Why worry about white working-class boys?

Figure 1: The relationship between GCSE attainment and poverty
Note: Click on the legend to view data for boys or girls separately. Hover over the lines to see regression parameters.
Sources: Department for Education; SchoolDash analysis.
Figure 2: The relationship between GCSE attainment and ethnicity
Note: Click on the legend to view data for boys or girls separately. Hover over the lines to see regression parameters.
Sources: Department for Education; SchoolDash analysis.
Figure 3: The relationship between poverty and ethnicity
Note: Hover over the line to see regression parameters.
Sources: Department for Education; SchoolDash analysis.
Figure 4: The relationship between GCSE attainment and ethnicity among high-deprivation schools
Note: Click on the legend to view data for boys or girls separately. Hover over the lines to see regression parameters.
Sources: Department for Education; SchoolDash analysis.
Figure 5: The relationship between poverty and ethnicity among high-deprivation schools
Note: Hover over the line to see regression parameters.
Sources: Department for Education; SchoolDash analysis.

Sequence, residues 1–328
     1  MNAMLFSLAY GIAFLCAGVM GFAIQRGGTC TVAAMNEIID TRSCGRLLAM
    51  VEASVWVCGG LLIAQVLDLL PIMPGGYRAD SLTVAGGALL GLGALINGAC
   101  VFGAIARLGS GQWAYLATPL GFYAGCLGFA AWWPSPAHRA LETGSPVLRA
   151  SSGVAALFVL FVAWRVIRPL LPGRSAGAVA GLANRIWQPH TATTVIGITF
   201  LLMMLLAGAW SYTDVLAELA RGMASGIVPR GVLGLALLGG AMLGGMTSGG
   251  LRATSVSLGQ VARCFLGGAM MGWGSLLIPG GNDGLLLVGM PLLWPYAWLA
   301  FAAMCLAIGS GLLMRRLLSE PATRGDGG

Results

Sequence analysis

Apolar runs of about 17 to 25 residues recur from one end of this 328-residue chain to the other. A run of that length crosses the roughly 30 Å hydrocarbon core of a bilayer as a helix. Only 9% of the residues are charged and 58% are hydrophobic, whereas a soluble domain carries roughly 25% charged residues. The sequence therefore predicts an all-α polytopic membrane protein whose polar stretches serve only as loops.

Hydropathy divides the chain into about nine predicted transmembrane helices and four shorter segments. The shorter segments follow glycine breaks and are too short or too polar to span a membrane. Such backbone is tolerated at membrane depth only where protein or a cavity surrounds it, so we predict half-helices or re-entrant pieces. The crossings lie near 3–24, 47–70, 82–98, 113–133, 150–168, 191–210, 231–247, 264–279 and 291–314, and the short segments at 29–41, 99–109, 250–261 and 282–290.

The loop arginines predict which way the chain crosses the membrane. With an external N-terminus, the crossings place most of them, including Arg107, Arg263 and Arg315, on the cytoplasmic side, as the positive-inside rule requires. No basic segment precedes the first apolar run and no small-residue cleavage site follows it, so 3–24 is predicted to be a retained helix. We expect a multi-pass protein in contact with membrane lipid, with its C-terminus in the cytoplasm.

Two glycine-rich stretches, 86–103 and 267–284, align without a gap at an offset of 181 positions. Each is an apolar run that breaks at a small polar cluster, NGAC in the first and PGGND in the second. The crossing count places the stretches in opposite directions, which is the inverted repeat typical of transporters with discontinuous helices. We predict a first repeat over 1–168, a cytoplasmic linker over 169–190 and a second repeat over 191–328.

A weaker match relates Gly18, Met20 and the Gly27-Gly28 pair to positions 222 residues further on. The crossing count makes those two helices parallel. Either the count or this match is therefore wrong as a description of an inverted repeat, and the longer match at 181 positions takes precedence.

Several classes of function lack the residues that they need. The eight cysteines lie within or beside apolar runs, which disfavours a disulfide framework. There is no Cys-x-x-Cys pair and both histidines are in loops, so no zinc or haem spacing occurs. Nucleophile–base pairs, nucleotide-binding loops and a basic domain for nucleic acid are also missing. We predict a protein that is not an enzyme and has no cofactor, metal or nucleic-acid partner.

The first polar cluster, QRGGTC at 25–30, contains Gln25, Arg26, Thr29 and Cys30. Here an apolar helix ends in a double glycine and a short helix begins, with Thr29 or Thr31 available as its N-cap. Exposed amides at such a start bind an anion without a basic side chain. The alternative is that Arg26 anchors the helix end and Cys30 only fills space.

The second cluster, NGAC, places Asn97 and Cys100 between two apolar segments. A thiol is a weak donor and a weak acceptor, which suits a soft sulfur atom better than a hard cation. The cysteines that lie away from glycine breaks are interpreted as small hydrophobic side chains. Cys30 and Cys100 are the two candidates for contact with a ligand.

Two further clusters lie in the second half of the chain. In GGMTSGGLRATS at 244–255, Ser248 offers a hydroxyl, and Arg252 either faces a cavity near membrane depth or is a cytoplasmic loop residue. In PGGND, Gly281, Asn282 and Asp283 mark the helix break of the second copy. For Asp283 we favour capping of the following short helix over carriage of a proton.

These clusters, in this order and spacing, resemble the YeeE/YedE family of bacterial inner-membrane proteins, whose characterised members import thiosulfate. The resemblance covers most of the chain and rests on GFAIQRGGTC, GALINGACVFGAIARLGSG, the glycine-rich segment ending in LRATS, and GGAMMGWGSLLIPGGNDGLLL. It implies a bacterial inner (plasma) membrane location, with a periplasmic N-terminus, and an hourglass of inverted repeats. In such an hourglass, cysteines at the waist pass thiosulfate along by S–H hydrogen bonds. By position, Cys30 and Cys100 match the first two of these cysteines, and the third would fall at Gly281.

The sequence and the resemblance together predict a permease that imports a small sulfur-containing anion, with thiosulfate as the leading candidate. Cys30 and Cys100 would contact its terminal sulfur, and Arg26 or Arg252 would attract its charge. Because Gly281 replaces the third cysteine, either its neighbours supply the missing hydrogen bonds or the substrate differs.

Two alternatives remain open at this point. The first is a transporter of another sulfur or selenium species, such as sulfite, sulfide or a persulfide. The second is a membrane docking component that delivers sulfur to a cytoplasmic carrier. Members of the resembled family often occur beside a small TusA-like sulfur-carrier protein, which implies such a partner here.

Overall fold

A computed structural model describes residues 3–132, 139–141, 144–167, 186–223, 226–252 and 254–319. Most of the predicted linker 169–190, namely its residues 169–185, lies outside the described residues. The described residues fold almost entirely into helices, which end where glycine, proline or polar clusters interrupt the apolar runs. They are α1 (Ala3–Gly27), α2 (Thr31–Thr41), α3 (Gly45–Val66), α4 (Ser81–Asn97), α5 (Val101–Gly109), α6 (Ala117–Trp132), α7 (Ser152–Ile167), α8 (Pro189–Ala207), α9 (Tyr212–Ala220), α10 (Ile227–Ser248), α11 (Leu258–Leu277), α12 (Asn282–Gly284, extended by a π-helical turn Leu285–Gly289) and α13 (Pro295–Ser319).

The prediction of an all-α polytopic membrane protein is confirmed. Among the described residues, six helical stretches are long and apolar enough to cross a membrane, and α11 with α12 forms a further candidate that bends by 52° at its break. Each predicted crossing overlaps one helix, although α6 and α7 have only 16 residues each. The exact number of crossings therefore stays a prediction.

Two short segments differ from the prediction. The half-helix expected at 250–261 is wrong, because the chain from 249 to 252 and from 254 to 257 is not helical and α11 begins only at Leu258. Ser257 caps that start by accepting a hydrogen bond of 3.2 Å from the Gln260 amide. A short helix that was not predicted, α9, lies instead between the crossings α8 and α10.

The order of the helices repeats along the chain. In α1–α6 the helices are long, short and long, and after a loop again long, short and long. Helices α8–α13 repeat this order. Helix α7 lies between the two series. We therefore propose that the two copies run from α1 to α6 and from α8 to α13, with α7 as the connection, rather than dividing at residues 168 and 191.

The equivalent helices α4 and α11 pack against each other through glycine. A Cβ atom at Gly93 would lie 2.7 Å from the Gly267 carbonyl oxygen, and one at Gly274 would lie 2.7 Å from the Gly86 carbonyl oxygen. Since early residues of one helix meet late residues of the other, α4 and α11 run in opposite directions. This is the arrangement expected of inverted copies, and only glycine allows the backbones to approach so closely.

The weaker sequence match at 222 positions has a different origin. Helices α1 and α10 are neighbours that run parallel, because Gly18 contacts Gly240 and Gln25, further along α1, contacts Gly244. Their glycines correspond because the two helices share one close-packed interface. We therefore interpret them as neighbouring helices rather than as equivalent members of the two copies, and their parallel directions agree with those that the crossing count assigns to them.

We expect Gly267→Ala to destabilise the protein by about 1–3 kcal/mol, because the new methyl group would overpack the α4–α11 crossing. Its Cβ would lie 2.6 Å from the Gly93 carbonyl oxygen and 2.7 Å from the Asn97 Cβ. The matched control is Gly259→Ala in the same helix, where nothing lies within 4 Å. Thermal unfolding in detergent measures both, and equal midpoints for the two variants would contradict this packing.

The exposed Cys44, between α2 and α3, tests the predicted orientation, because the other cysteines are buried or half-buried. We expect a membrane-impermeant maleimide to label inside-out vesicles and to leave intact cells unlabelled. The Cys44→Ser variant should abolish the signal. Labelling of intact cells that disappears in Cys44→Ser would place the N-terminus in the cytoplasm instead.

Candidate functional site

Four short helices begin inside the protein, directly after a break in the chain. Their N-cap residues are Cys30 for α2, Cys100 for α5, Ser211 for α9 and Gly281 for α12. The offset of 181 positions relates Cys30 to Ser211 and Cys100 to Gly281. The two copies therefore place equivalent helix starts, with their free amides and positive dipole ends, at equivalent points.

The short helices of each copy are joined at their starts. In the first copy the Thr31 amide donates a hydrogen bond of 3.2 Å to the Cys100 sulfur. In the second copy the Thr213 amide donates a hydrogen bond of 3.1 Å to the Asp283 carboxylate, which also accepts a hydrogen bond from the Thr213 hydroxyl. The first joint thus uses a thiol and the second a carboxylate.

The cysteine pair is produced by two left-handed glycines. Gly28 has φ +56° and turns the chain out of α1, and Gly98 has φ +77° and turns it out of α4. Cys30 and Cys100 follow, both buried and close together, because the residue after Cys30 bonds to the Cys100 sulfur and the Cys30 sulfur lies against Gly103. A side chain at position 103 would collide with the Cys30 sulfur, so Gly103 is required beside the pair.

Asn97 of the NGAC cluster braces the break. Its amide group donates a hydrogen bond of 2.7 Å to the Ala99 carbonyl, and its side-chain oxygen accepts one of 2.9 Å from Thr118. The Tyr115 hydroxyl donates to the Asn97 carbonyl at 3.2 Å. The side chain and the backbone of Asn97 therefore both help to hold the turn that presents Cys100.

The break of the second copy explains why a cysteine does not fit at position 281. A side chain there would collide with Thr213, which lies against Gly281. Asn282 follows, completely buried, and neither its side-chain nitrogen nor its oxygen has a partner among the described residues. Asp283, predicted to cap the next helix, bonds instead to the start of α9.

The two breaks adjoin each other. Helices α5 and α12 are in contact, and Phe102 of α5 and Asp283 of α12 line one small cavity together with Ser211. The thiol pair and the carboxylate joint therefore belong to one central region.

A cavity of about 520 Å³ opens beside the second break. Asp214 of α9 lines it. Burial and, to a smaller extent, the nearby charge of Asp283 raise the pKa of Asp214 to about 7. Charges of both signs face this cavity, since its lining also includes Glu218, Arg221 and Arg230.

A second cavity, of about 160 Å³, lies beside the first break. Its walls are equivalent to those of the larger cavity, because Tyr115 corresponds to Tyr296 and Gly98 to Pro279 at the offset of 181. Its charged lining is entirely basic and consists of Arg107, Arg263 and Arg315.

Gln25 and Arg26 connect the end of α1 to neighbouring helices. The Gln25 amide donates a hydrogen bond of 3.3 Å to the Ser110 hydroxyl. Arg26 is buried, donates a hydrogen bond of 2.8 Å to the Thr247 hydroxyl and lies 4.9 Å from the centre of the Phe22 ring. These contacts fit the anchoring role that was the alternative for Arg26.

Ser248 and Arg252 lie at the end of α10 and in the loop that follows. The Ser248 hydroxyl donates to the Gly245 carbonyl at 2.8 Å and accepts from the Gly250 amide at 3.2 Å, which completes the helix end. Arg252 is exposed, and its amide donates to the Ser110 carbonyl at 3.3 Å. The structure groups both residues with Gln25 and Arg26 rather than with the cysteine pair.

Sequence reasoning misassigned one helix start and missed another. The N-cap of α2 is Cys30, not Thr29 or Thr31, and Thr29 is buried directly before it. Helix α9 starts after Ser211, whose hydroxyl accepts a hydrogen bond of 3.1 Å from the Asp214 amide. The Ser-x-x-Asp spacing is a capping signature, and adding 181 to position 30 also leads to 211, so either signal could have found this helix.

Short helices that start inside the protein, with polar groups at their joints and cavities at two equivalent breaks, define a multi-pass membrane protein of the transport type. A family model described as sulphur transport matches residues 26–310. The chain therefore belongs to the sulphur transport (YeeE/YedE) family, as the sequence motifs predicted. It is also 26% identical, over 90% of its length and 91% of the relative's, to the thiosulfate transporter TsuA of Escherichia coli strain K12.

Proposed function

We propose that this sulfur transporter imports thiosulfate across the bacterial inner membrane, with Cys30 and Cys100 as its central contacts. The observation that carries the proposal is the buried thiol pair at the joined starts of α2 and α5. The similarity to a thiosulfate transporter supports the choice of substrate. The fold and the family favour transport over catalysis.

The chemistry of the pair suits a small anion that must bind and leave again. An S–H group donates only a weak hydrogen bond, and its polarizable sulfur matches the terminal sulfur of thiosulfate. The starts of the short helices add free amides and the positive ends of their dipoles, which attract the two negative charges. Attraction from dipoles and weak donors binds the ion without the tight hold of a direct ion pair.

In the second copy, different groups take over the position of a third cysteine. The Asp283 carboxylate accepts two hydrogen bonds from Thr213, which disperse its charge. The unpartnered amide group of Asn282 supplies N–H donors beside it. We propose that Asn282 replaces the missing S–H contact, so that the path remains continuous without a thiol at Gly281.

• In England, if you don't want to be poor, it's better to be born white
  • But if you are poor and you want to do well at school, it's better to come from an ethnic minority
  • Whatever your class or ethnicity, you're more likely to get good results if you're a girl

  1. Attainment 8 scores can be converted into GCSE grades by dividing by 10. This is because, although eight subjects are included in the score, English and maths are double-weighted.

 

The impact of lockdown on children's education

  • Younger year groups generally show bigger reductions in attainment than older year groups
  • Children who are eligible for the Pupil Premium show larger average declines than those who are not
  • Schools with higher levels of deprivation, situated in urban areas or located in the north or midlands also show greater declines
  • There are often large differences between topics within the same subject

 

Eighty years on: Planes, pandemics and provinces

Map 1: World War II bombings and casualties in Great Britain (1939-1945)
 
Sources: War, State and Society; Google Maps; SchoolDash analysis.
Figure 1: World War II bombings and casualties in Great Britain (1939-1945)
Sources: War, State and Society; Google Maps; SchoolDash analysis.
Figure 2: Socioeconomic, educational and demographic indicators by local authority area
Sources: War, State and Society; Department for Education; Office for National Statistics; Office for Students; SchoolDash analysis.
  1. Note that this omits specific targets on the coast of Kent because, in modern administrative terms, the whole of Kent constitutes one local authority.
  2. This is normalised to 100 for the whole of England. It uses current population figures because we can't think of a good way of estimating wartime populations for present-day local authorities. If you can then please let us know: